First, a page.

Climb a mountain once, and one retains a static picture of it. Climb the same mountain repeatedly, and see the changes: The new chill of an early autumn day, the melting of the last snow in spring.
Climb a mountain a thousand times and one notices not only these changes, but also subtle ones: A fresh set of animal tracks in the snow, the first spring buds on a branch overhanging the trail, the first autumn frost fringing a mud hole.
Having now climbed 3,215-foot Near Point in the Chugach Mountains 1,000 times as of May 23, Steve Hufford of Anchorage has noticed all this and more.
Not surprisingly, Near Point rises in the vicinity of Hufford's home in Stuckagain Heights. One can even look up its face from numerous windows in the Hufford home. A short walk or drive takes Hufford to a trail head on a neighbor's property that weaves up the front face of Near Point. Living in such close proximity to the mountain made it readily available as the site of a workout he'd repeat over and over and over.
Some might consider such a feat obsessive. Yet other people run, bike, or walk the same route every day -- or every weekend. Many of us consider these routine acts of discipline. Hufford's discipline, however, had more interesting variables.
Two hours roundtrip
Hufford didn't originally set out to climb Near Point so many times. What began as an alternative to an Alaska Club workout evolved into a routine. After making perhaps 10 climbs of the mountain in 2003. Steve's wife, Gwen, documented each of these climbs by the phone call Steve made to her upon reaching the summit.
Slowly, the appeal of using the climb as his workout increased. In 2009, he reached the summit of Near Point 168 times -- almost every other day. Most other years, he made more than 100 climbs.
He swiftly developed a routine. First, Hufford would hydrate before leaving the house. Second, he carried little more than a snack in a pocket and an extra jacket around the waist, which allowed him to move faster. Then he'd drive the short distance to the trail head.
Once on the summit, he called Gwen, who recorded the date and time in a diary she kept. Typically less than two hours after starting, he was back home.
He usually made these treks up the mountain in the morning or mid-day, meaning he often climbed the peak without seeing another human. Some of the hikes stand out in Steve's memory more than others. Once, with visibility of but a few feet, Steve took a wrong side trail down the wrong side of the mountain. Fresh deep snow kept him from the summit on a number of other occasions. Pelting rain made other climbs more acts of fortitude than enjoyment.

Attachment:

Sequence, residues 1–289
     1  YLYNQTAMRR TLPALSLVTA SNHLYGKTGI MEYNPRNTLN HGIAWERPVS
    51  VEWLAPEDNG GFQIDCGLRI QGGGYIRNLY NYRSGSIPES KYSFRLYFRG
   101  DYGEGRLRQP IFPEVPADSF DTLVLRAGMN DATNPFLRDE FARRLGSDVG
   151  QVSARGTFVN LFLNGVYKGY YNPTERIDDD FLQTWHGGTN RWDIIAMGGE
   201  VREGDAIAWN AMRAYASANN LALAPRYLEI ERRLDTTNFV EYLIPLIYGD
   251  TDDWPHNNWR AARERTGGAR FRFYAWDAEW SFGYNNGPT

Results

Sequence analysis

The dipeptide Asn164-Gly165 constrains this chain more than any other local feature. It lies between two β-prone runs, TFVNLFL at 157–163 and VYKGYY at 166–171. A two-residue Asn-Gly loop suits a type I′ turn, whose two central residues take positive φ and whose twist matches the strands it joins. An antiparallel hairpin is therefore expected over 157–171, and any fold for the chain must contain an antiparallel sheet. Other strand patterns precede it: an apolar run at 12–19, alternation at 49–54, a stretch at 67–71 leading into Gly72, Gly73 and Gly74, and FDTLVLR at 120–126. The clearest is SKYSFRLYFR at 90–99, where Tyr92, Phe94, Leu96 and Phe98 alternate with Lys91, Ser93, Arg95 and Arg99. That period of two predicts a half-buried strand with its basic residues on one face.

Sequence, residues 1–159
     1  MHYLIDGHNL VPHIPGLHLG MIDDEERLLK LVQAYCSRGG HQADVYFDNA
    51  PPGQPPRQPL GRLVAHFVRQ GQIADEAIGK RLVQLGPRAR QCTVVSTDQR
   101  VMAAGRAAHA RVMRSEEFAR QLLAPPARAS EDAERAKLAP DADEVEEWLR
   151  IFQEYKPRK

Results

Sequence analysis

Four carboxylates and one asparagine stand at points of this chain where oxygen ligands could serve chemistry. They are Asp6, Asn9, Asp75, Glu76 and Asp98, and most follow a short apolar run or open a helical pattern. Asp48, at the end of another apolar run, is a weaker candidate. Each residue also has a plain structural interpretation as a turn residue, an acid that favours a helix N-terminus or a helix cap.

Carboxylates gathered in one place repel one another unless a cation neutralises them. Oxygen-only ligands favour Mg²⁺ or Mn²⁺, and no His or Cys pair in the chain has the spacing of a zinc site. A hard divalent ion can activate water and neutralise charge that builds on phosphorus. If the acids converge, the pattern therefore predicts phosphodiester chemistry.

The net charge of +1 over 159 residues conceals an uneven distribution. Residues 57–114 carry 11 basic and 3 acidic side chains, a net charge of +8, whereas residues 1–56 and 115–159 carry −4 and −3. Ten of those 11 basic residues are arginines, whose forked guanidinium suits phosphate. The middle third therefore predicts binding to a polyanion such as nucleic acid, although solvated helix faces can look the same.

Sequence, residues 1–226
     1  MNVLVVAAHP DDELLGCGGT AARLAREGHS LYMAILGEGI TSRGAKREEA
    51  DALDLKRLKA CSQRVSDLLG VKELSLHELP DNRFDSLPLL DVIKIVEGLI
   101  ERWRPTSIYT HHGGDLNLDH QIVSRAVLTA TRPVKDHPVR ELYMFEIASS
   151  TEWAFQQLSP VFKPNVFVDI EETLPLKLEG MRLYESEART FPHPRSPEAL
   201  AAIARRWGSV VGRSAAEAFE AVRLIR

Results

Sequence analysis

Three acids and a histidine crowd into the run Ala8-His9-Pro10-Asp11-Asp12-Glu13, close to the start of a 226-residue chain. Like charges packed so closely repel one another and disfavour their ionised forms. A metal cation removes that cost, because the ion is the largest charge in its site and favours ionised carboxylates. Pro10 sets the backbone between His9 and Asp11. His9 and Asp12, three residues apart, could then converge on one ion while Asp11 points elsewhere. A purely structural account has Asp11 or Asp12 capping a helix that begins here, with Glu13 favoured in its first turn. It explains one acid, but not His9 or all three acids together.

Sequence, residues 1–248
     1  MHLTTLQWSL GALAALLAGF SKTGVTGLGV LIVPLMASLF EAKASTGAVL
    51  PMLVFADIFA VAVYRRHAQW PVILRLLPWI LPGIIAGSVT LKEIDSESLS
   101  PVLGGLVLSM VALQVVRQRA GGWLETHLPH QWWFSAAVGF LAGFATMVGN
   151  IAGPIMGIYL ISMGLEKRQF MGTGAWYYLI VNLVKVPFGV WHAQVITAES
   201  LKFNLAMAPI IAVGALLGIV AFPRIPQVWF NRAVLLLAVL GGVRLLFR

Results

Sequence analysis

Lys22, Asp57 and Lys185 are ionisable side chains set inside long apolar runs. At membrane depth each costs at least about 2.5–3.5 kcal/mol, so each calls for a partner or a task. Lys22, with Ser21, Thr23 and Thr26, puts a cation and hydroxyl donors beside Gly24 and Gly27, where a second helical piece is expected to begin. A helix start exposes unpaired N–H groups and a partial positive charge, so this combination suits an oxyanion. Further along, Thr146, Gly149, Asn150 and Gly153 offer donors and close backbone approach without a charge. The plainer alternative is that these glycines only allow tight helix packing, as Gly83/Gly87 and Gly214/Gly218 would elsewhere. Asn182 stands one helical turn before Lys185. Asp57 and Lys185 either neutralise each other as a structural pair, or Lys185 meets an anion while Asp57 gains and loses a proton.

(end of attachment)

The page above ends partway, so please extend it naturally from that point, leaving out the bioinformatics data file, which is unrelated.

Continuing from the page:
Animals also made many climbs memorable. He said he's seen 11 bears, including one grizzly, and two wolverines.
Over the years, the number of completed climbs grew until the millennium climb was imminent. He could have made the thousandth climb in early April, but he put it off for a spring day after the snow was gone and green had begun to color the Anchorage Bowl. That day arrived May 23.
Two dozen fellow climbers
Besides marking his thousandth climb, this Near Point ascent included far more people than have ever accompanied with Steve. All in all, 23 people joined Steve's landmark climb -- including Gwen and their five children, including daughter Kia who flew in from Boston and son Paul who flew in from Nashville.
All this made the landmark hike memorable -- which the cloudy and windy weather decidedly did not. Any bears or wolverines in the area no doubt skedaddled before the approaching mass of humanity. From the back of the pack one could look up a long thread of people strung out at times as far as a half-mile on the mountain's open face along the very trail Steve helped maintain by hiking it 1,000 times.
With Gwen by his side, Steve arrived last. By that time, some of the group had spread a banner and handed out poppers. Cheers and colored confetti filled the air as Steve broke through banner. After some snacks and a festive snapping of pictures, the group began dropping off the summit.
Will he climb it again? "Of course," he answers.
So will he try to climb it 2,000 times? "We'll see," he answers with a laugh.
Later, while driving home, I stopped to look up at the mountain that Steve has now climbed 1,000 times, silhouetted by the gray, late afternoon sky. Despite falling snow and rain, blowing wind, and the occasional rumbling of the earth, it did not look like the mountain would go anywhere soon. It may be only a matter of time before the next milestone falls.
Shawn Lyons is an Anchorage freelance writer and the author of several "Walk About Guides to Alaska", detailing hikes in various parts of the state.